The Boss of Me

So, what did I want to be when I was little?

What did I want to be?

I can’t distinctly remember every ambition, but I know there was a marine biologist, an actress, a baseball player, Mariah Carey, a teacher (for the summers off, not the humanitarian efforts,) a vet, a lawyer (to get paid to argue, most certainly not for the humanitarian efforts,) Evie from “Out of this World,” an artist,  and Sylvester Stallone’s love child during the “Rocky” years thrown into the mix at some point.


Because who wouldn’t want to pause and un-pause time, "gleep" objects into existence and transport herself from one place to another?

My mom’s answer as to what I wanted to be?

That I wanted to be the boss of me, and quite possibly, the boss of a few other people (my minions, I was told. Muah-ha-ha.) It’s not that I was bossy, but rather that I liked to be in charge of getting things done and having say over how I spent my time.

That time was usually spent doing more than one thing at once. If the TV was on, I was also coloring. If I was in the car, I was also reading or drawing. Yes, I was the nerd that would read ahead in class because I already had my work done.

My point being, I think I’ve always felt entitled to my time and how it’s spent.

Now I’m technically an adult and it’s assumed that my maturity level is slightly higher than that of the little girl who dreamed of being either a half-alien with supernatural powers or the bastard child of an aging movie star. But some things haven’t changed.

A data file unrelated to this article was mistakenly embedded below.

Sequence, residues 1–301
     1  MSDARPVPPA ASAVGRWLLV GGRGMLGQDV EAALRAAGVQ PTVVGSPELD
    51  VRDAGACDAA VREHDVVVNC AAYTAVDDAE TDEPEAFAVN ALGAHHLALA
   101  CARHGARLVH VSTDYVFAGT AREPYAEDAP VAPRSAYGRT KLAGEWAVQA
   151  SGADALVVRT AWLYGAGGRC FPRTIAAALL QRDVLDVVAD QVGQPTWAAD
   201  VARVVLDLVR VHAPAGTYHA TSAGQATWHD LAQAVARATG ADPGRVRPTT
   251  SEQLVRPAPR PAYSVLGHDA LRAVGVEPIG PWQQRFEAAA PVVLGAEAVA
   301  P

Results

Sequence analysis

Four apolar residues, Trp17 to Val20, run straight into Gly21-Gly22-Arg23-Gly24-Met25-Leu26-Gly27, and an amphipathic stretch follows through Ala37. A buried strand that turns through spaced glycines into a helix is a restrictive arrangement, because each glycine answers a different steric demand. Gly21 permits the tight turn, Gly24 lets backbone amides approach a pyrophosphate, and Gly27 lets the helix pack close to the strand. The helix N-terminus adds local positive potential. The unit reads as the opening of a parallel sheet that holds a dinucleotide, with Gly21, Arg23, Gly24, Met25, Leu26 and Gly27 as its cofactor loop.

I still feel a sense of entitlement over my time and still kind of wish I was Mariah Carey.


(If only because she’s married to Nick Cannon, who is very easy on the eyes. Plus, she has boobs.)

I still just somehow want to be the boss of me.

*Here is where I add the disclaimer that I work in a good environment, they are flexible with my neurosis and I’m grateful for my job. This is more about the general system and has nothing to do with the place at all.

It has to do with the fact that the little girl with plans to be her own boss—after saving the whales and starring in a major motion picture—has turned into a hippie-dippie adult with a “real” job who still wants something more.

While I realize the impracticality of my desires, I would like more control of my time.

See, even though I have no desire to climb any corporate ladder, I’m a darn good employee. My work gets done thoroughly, usually early and I tend to have higher expectations than others do for the work that I do. But here’s the thing. Regardless of how I get my work done, my butt is still expected to be stuck in that chair for the duration of the day and I’m still expected to be at my best during those hours.

In essence, I’m paid for time and not for effort.

Six-year-old Abby would find this absurd, and 29-year-old Abby is not far behind (however, 29-year-old Abby has a house payment and 6-year-old Abby had a blanket fort—rent free.)

It seems  there are countless hours and days when my time is not my own, when it really belongs to those that sign my paycheck (again, see disclaimer above. It’s nothing personal.*) It feels a bit selfish, a bit immature, but I sometimes resent that what I do is measured in minutes and not merit.

I feel cheated.

Cheated out of what, I’m not quite sure. Maybe out of a little bit of control, of a little bit of creativity, of a little bit of individuality. Maybe out of a little bit of energy towards things I want to do, things that rarely conveniently fall at a time after “traditional” business hours. (And in a cruel plot twist, things I don’t get paid to do, such as rambling on a blog.)

My brain does not differentiate between business hours and the few left over at the end of the day, just as it doesn’t differentiate between weekends and professional production. I get some of my best ideas for both at the most random times.

This leads me to believe that I would be just as—if not more—productive if not confined to restrictions of other’s conventional schedules.

I know it’s unrealistic, but so is thought that it’s one-size-fits-all when it comes to these things…and that a 60-year-old would still be boxing.


Sorry Sly.